Drive

2016 Kia Soul feels roomier than earlier offerings

Kia Soul may be a compact, but its squared-off shape gives you more interior space than you might expect.

The tight turning radius on the Kia Soul makes it easy to park in small spaces, especially with the rearview camera that’s optional.

Jil McIntosh/For Metro

The tight turning radius on the Kia Soul makes it easy to park in small spaces, especially with the rearview camera that’s optional.

Boxy styling isn’t necessarily the prettiest, but it certainly is practical. The Kia Soul may be a compact, but its squared-off shape gives you more interior space than you might expect.

The base trim line comes with a 1.6-litre engine making 130 horsepower, but I’d suggest moving up to the 2.0-litre engine, which produces 164 horsepower and is used in all the other trims.

The larger engine comes solely with a six-speed automatic transmission and while it gets noisy on hard acceleration, it handles both city and highway driving quite well.

The tight turning radius makes it easy to park in small spaces, especially with the rearview camera that’s optional on the mid-range EX trim and standard on my top-line SX tester.

There’s also a gimmicky feature called Flex Steer, included on all models, which lets the driver switch the steering feel between normal, comfort, or sport.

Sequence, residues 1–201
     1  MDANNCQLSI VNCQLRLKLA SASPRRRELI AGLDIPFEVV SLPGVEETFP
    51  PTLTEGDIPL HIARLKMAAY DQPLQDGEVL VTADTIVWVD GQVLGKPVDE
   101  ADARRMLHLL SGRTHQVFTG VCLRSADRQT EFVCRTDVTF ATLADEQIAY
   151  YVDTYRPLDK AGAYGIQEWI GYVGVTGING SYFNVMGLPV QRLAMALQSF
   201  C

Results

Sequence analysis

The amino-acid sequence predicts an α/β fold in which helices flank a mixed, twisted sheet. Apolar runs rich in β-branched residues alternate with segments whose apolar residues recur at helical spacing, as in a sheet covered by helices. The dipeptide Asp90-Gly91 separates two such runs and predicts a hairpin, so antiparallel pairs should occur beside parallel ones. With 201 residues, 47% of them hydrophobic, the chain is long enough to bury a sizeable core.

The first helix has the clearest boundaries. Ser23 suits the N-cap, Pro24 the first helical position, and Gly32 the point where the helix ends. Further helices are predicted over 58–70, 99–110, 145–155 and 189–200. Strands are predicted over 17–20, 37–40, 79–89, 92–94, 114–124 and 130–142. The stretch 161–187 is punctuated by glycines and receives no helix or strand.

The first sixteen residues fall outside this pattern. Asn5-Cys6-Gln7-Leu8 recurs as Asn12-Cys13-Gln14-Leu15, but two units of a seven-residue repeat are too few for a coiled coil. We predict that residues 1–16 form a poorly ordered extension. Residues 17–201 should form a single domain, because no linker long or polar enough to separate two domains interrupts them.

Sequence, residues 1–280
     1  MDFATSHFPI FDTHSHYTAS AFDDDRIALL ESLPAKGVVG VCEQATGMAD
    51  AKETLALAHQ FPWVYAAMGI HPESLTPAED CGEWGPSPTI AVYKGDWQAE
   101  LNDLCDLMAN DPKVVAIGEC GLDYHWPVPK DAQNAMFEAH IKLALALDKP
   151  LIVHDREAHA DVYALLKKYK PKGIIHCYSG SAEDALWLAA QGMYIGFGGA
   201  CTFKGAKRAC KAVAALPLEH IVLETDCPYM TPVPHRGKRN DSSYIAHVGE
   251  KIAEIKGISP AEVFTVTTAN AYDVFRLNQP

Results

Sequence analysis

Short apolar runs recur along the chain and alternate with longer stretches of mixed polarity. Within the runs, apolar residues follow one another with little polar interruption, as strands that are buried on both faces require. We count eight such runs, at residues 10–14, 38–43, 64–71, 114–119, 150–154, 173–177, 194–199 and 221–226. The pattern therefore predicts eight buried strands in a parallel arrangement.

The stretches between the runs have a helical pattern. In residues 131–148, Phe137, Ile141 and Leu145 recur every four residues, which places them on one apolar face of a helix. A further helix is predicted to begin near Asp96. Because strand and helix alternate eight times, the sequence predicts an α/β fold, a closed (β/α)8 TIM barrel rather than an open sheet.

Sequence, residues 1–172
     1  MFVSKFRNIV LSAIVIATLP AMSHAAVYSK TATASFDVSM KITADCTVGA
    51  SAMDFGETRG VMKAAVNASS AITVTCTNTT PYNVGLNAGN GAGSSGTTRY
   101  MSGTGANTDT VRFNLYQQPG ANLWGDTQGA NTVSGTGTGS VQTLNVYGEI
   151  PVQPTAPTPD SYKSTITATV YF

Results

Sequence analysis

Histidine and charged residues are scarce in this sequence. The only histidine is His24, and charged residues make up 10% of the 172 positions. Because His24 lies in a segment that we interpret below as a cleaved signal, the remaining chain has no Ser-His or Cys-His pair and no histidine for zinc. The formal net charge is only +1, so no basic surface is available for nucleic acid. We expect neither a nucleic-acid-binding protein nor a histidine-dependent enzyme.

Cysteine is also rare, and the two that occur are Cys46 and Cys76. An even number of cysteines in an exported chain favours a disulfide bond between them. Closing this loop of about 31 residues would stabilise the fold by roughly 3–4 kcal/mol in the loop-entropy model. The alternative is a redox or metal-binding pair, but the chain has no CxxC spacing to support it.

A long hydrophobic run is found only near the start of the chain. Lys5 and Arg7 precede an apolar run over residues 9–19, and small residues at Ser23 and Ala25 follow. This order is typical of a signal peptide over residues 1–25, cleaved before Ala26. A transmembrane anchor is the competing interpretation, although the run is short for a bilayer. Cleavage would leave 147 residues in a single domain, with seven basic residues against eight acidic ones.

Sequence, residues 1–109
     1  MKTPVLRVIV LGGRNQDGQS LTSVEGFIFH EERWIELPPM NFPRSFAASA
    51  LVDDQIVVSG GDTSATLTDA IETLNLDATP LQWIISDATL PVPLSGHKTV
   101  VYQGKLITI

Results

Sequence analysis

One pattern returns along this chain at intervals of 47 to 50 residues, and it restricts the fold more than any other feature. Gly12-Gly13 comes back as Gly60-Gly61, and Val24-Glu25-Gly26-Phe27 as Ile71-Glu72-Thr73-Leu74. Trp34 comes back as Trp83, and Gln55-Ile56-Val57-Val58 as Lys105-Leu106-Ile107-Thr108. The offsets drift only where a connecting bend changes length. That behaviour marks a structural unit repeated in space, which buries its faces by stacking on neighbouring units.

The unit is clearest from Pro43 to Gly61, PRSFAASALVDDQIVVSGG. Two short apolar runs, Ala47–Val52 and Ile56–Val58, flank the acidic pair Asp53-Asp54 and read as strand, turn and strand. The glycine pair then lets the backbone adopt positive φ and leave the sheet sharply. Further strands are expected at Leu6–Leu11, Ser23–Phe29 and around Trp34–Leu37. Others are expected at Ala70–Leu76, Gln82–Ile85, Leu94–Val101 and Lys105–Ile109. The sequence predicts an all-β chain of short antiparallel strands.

Kia has made improvements over the original system, which was far too soft in comfort mode, but even in sport mode it could use a bit more steering weight.

At an average published fuel economy of 8.8 L/100 km, the Soul isn’t a gas-guzzler but also isn’t as efficient as many other vehicles its size.

The Soul feels substantial, and the interior is comfortable and with good fit-and-finish. The base model is exactly that, as its extra cost to put air conditioning into it, but the upper trim lines add numerous features.

For $25,995, my tester included a heated steering wheel, heated leather seats, power-folding mirrors and an auto-dimming rearview mirror.

The top trim, at $27,495, has lane departure and front collision warning, navigation, heated and cooled seats, and a panoramic sunroof.

There used to be far more entries in this “tall wagon” category, such as Toyota’s Matrix, Honda’s Element, and the Nissan Cube.

The Soul has outlasted them all and now, in its second generation, has matured into a well-outfitted model that makes the most of its compact proportions.

The Basics
Type: Four-door, five-passenger compact hatchback
Engine (hp/torque): 1.6-litre four-cylinder (130/118), 2.0-litre four-cylinder (164/151)
Transmissions: Six-speed manual (1.6 only), six-speed automatic
Price: $17,195 (base),as-tested $25,995

Cool Features
• Heated wiper de-icer
• Heated and cooled leather seats
• Rearview camera
• Cooled glovebox
• Front collision warning system
• Navigation system

Points
• Like all Kia models, the Soul comes with a five-year/100,000 warranty that covers almost everything.
• The tested SX Sport trim line comes exclusively in red-black or red-white two-tone colour schemes.
• The Soul has virtually the same headroom as Kia’s midsize Sorento SUV.

Market Position
Although Kia shares most of its model configurations with similar offerings from parent company Hyundai, the Soul is stand-alone with no matching equivalent. It’s also available as an all-electric model, the Soul EV.

The Competition

Chevrolet Sonic

Base price: $14,395

Honda Fit
Base price: $14,790

Fiat 500L
Base price: $21,995

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